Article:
12. L-carnosine enhanced reproductive potential of the Saccharomyces cerevisiae yeast growing on medium containing glucose as a source of carbon.

    Science.gov (United States)

    Kwolek-Mirek, Magdalena; Molon, Mateusz; Kaszycki, Pawel; Zadrag-Tecza, Renata

    2016-08-01

    Carnosine is an endogenous dipeptide composed of β-alanine and L-histidine, which occurs in vertebrates, including humans. It has a number of favorable properties including buffering, chelating, antioxidant, anti-glycation and anti-aging activities. In our study we used the Saccharomyces cerevisiae yeast as a model organism to examine the impact of L-carnosine on the cell lifespan. We demonstrated that L-carnosine slowed down the growth and decreased the metabolic activity of cells as well as prolonged their generation time. On the other hand, it allowed for enhancement of the yeast reproductive potential and extended its reproductive lifespan. These changes may be a result of the reduced mitochondrial membrane potential and decreased ATP content in the yeast cells. However, due to reduction of the post-reproductive lifespan, L-carnosine did not have an influence on the total lifespan of yeast. In conclusion, L-carnosine does not extend the total lifespan of S. cerevisiae but rather it increases the yeast's reproductive capacity by increasing the number of daughter cells produced. PMID:27040824

  13. Subproteomics: identification of plasma membrane proteins from the yeast Saccharomyces cerevisiae.

    Science.gov (United States)

    Navarre, Catherine; Degand, Hervé; Bennett, Keiryn L; Crawford, Janne S; Mørtz, Ejvind; Boutry, Marc

    2002-12-01

    As a consequence of their poor solubility during isoelectric focusing, integral membrane proteins are generally absent from two-dimensional gel proteome maps. In order to analyze the yeast plasma membrane proteome, a plasma membrane purification protocol was optimized in order to reduce contaminating membranes and cytosolic proteins. Specifically, the new fractionation scheme largely depleted the plasma membrane fraction of cytosolic proteins by deoxycholate stripping and ribosomal proteins by sucrose gradient flotation. The plasma membrane complement was resolved by two-dimensional electrophoresis using the cationic detergent cetyl trimethyl ammonium bromide in the first, and sodium dodecyl sulfate in the second dimension, and fifty spots were identified by matrix-assisted laser desorption/ionization-time of flight mass spectometry. In spite of the presence of still contaminating ribosomal proteins, major proteins corresponded to known plasma membrane residents, the ABC transporters Pdr5p and Snq2p, the P-type H(+)-ATPase Pma1p, the glucose transporter Hxt7p, the seven transmembrane-span Mrh1p, the low affinity Fe(++) transporter Fet4p, the twelve-span Ptr2p, and the plasma membrane anchored casein kinase Yck2p. The four transmembrane-span proteins Sur7p and Nce102p were also present in the isolated plasma membranes, as well as the unknown protein Ygr266wp that probably contains a single transmembrane span. Thus, combining subcellular fractionation with adapted two-dimensional electrophoresis resulted in the identification of intrinsic plasma membrane proteins. PMID:12469340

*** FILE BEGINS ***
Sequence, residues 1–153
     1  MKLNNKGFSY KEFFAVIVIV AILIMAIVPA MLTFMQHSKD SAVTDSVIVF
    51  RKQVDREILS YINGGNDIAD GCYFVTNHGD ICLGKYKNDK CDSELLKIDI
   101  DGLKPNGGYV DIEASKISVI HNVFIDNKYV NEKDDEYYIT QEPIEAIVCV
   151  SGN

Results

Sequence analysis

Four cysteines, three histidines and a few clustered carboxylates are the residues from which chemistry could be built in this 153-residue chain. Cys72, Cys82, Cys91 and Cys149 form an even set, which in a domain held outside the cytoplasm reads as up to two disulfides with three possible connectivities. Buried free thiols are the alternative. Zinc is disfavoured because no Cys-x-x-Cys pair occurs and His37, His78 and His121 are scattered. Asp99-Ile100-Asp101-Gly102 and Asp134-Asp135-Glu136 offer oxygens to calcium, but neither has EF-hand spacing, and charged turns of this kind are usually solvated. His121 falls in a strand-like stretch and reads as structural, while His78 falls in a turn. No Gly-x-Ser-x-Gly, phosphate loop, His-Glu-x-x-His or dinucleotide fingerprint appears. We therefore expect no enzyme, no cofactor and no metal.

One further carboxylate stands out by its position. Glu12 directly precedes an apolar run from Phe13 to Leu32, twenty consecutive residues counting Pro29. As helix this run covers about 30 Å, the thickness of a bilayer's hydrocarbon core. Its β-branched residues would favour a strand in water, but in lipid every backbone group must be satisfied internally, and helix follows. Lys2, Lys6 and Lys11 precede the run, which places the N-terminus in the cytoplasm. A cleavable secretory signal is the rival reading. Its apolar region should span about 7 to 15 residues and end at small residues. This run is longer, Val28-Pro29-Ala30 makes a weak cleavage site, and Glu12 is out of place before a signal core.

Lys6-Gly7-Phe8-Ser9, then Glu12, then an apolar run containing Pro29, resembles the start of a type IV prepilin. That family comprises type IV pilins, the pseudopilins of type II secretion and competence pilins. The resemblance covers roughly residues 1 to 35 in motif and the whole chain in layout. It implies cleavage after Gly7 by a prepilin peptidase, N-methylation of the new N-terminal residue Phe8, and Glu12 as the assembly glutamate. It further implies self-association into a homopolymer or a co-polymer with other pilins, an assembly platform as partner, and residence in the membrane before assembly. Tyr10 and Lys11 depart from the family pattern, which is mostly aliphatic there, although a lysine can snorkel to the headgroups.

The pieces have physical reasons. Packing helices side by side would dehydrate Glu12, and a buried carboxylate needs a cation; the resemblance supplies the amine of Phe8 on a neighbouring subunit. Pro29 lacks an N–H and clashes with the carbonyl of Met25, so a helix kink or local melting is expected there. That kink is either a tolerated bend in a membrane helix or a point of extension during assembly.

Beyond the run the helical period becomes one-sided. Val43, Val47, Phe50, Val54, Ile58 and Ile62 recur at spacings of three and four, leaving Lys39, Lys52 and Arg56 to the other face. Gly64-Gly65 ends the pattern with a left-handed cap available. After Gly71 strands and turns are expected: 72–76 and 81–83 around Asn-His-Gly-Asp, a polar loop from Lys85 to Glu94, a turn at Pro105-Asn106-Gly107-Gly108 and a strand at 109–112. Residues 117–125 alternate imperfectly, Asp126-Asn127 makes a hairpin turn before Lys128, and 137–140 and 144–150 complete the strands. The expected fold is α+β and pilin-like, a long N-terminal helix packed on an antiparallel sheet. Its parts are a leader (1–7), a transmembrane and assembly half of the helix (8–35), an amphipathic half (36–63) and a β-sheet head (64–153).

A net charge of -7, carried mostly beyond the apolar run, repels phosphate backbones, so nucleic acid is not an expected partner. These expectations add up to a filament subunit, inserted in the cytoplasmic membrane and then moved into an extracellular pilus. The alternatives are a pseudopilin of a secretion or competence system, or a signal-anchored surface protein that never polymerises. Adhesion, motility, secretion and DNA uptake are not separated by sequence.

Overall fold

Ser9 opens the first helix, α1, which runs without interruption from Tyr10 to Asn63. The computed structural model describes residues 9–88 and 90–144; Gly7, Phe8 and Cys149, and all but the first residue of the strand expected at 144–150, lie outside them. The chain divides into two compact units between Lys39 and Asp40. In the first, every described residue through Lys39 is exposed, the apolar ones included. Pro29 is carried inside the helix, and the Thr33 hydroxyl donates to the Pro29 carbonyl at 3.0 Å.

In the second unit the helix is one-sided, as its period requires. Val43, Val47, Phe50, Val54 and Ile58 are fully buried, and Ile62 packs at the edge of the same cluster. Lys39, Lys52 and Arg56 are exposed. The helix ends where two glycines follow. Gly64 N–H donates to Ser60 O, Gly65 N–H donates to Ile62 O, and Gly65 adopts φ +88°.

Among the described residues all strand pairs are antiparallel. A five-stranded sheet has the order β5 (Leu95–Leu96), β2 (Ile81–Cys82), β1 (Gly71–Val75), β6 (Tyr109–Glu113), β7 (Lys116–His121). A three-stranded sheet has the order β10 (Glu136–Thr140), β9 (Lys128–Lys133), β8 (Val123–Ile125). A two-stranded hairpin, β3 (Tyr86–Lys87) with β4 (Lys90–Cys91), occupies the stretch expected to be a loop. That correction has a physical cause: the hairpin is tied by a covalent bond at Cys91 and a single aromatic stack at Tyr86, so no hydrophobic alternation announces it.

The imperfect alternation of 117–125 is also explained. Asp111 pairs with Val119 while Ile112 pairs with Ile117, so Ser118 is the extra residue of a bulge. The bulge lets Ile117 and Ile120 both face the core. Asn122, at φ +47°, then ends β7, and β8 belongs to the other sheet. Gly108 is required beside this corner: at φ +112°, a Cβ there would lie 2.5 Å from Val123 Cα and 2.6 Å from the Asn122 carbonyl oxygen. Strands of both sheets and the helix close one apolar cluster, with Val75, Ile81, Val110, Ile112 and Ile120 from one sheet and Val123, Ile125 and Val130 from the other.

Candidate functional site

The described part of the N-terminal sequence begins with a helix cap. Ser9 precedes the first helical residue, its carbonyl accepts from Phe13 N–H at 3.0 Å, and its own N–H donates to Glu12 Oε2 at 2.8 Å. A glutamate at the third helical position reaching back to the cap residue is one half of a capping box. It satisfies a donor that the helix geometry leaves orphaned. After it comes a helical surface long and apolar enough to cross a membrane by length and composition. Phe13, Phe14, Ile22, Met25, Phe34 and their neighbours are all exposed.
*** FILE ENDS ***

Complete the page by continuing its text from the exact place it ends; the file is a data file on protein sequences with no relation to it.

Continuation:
14. Ethanol production from kitchen waste using the flocculating yeast Saccharomyces cerevisiae strain KF-7

    International Nuclear Information System (INIS)

    A process for producing ethanol from kitchen waste was developed in this study. The process consists of freshness preservation of the waste, saccharification of the sugars in the waste, continuous ethanol fermentation of the saccharified liquid, and anaerobic treatment of the saccharification residue and the stillage. Spraying lactic acid bacteria (LCB) on the kitchen waste kept the waste fresh for over 1 week. High glucose recovery (85.5%) from LCB-sprayed waste was achieved after saccharification using Nagase N-40 glucoamylase. The resulting saccharified liquid was used directly for ethanol fermentation, without the addition of any nutrients. High ethanol productivity (24.0 g l-1 h-1) was obtained when the flocculating yeast strain KF-7 was used in a continuous ethanol fermentation process at a dilution rate of 0.8 h-1. The saccharification residue was mixed with stillage and treated in a thermophilic anaerobic continuous stirred tank reactor (CSTR); a VTS loading rate of 6 g l-1 d-1 with 72% VTS digestion efficiency was achieved. Using this process, 30.9 g ethanol, and 65.2 l biogas with 50% methane, was produced from 1 kg of kitchen waste containing 118.0 g total sugar. Thus, energy in kitchen waste can be converted to ethanol and methane, which can then be used as fuels, while simultaneously treating kitchen waste

  15. Sli15 Associates with the Ipl1 Protein Kinase to Promote Proper Chromosome Segregation in Saccharomyces cerevisiae

    OpenAIRE

    Kim, Jae-Hyun; Kang, Jung-seog; Chan, Clarence S.M.

    1999-01-01